El Día de Muertos, or Day of the Dead as it is known in English is celebrated across Latin America each year at the beginning of November. The most noteworthy celebrations take place in Mexico putting this country at the top of our hotlist of destinations to visit during the winter months. While it is easy to imagine ‘how do people celebrate day of the dead in Mexico’, there is nothing quite like experiencing the magic of the festivities first hand.
How do people celebrate Day of the Dead in Mexico?
Dating back generations, the Day of the Dead celebrations have become a staple holiday in the Mexican calendar. While outsiders may view it as the Mexican Halloween, it is a time of the year when families gather together, dress in elaborate costumes, share home cooked food and commemorate their deceased loved ones. Faces are painted in bright colors to represent ‘Una Calavera’ – the Mexican skull woman and traditional music can be heard on every street corner. Each family will have their own version of this special day, complete with family traditions, alter displays and recipes. However, each family ends their celebrations in the local cemetery where they leave offerings to commemorate their ancestors.
Where to celebrate Day of the Dead in Mexico?
This year the Day of the Dead Mexico date falls on the 2nd November but the Day of the Dead celebration in Mexico can actually last for days. Across the whole entire country people gather together in towns and cities enjoying various styles of festivals. The traditional hallmarks of this festival are the Mexican orange flowers Day of the Dead emblem that can be seen adorning anything from buildings to graves. Another staple of this day is the Mexican skull art inspired by the Lady Catrina Mexico icon, made famous by muralist Diego Rivera.
Sayulita Day of the Dead
This laid back sleepy coastal town becomes an explosion of color and old school Mexican charm during the Day of the Dead celebrations. Flowers perfume the air and the sound of Mariachi music travels on the sea breeze throughout the colorful streets. If you are looking for a true family friendly Day of the Dead experience then Sayulita is definitely a place to add to your list. All festivities are centered around the main square where kids can get their faces painted to be a Halloween Mexican Skull and local street food vendors tempt hungry revelers with their tasty seasonal snacks. It is the perfect way to see how do people celebrate day of the dead in Mexico. A trip to Los Muertos beach is also a must.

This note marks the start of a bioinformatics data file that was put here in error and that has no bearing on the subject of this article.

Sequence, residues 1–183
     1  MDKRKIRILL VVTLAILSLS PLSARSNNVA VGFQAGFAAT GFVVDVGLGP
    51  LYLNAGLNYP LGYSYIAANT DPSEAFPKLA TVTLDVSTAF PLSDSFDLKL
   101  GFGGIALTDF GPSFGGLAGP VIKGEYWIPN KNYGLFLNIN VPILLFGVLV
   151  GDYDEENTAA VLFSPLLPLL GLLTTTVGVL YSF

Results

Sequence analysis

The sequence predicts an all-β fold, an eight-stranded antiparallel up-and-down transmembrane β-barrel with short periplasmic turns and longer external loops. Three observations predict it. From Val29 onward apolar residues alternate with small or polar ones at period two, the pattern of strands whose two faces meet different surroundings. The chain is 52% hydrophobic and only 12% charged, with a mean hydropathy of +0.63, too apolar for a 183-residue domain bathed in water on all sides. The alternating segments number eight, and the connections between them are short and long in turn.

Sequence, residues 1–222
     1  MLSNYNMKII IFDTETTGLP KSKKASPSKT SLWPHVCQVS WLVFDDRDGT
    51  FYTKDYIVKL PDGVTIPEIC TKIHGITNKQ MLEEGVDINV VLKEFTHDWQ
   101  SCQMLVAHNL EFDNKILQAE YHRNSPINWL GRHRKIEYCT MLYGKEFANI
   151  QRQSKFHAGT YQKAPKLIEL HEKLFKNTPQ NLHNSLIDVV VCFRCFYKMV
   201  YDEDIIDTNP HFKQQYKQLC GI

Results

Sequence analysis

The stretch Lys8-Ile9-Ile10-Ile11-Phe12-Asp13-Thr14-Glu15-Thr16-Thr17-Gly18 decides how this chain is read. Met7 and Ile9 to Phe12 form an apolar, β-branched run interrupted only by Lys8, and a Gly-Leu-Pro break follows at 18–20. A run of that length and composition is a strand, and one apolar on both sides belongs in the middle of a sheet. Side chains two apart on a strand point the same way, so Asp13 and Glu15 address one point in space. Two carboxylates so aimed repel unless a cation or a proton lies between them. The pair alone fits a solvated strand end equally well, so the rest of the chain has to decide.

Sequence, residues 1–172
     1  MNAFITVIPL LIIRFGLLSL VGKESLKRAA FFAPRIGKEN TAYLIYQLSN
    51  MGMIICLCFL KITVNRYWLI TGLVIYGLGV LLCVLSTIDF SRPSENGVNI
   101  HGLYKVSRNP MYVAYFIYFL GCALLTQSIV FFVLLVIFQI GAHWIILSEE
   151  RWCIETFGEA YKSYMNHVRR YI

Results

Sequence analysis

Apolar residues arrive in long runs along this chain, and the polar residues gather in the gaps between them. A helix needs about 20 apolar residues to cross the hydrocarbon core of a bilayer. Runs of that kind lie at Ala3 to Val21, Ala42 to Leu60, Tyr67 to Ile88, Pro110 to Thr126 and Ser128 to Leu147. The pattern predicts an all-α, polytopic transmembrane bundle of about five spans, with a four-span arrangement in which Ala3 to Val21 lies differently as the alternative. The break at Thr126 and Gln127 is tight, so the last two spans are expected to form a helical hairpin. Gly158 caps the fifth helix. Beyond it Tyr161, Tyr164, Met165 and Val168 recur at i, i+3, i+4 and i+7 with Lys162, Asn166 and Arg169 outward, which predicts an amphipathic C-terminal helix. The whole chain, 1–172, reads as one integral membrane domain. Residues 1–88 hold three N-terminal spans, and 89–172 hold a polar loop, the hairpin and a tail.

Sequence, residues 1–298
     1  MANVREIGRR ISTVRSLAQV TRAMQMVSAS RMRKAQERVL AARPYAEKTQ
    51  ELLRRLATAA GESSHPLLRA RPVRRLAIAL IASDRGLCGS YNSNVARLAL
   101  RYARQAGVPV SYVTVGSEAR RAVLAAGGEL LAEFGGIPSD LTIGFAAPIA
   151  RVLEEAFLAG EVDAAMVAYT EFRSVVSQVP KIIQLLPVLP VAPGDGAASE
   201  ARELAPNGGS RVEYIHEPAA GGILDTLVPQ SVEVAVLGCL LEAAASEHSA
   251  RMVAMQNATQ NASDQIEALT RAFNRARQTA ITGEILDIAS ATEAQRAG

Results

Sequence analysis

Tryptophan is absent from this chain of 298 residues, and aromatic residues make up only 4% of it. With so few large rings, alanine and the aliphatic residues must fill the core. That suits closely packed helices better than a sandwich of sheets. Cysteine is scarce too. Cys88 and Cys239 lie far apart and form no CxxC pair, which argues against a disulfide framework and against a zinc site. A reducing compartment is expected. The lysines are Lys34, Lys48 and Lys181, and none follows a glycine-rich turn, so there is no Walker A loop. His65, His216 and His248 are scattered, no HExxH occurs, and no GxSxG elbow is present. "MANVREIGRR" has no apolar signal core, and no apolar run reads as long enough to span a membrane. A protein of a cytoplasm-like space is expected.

Day of the Dead – Festival for the Dead Mexico City
For those looking for a real party, you cannot beat the electric energy emanating from the capital during the Mexican Día de Muertos celebrations. Hoards of people flock to the city to experience the worshiping of the dead in Mexico and the Mexican Día de los Muertos costumes worn by party goers are more works of art than items of clothing. This festival is so important that it has even been recognized by UNESCO as offering Intangible Cultural Heritage for Mexico. Be sure to pass by the Zocalo, main square, to soak up the playful atmosphere and don’t miss out on trying the typical bread, Pan de Muertos which is popular during this time of the year.
Day of the Dead in Cozumel
If you dream of textbook perfect beaches, delicious seafood and warm winter weather then look no further than the Riviera Maya. This coastal area of Mexico is rich in natural beauty and is a far cry away from the craziness of city life. The Day of the Dead celebrations here are more relaxed, offering a family friendly environment in which to savor the colors, smells and tastes of this wonderful feast day. If you are visiting Cozumel, the locals here take the celebrations one step further by celebrating the typical Mayan festival of Hanal Pixán ‘food for the souls’ which of course is celebrated with a healthy supply of chicken tamales, pan de muertos and sugar skulls.
Playa del Carmen – A Day of the Dead Parade
Also in the Riviera Maya, the welcoming beach town of Playa del Carmen lights up the coastline with their Day of the Dead festivities. Not as built up as neighboring Cancun, nor as rural as Tulum, Playa del Carmen is a hotspot for travelers looking for authenticity and comfort. If you are wondering ‘How do people celebrate Day of the Dead in Mexico?’ then don’t miss out on the go big or go home style Day of the Dead celebrations held in Playa del Carmen. Each year, a giant parade travels down ‘La Quinta Avenida’ or Fifth Avenue creating an exciting spectacle of lights and color as intricately decorated floats and people in fancy dress turn the streets into a scene from the Pixar movie ‘Coco’. It is the most authentic way to see how do people celebrate day of the dead in Mexico.
Enjoy Mexico Day of the Dead This Winter
There are endless ways in which to celebrate this important Mexican holiday, from beach side gatherings to dizzying city centre parties. However, with so many options to choose from you will be sure to enjoy a mix of true, authentic Mexican culture wherever you decide to spend the holidays. It is a fantastic time of the year to visit Mexico and see the country come to life. Start planning your winter escape now!
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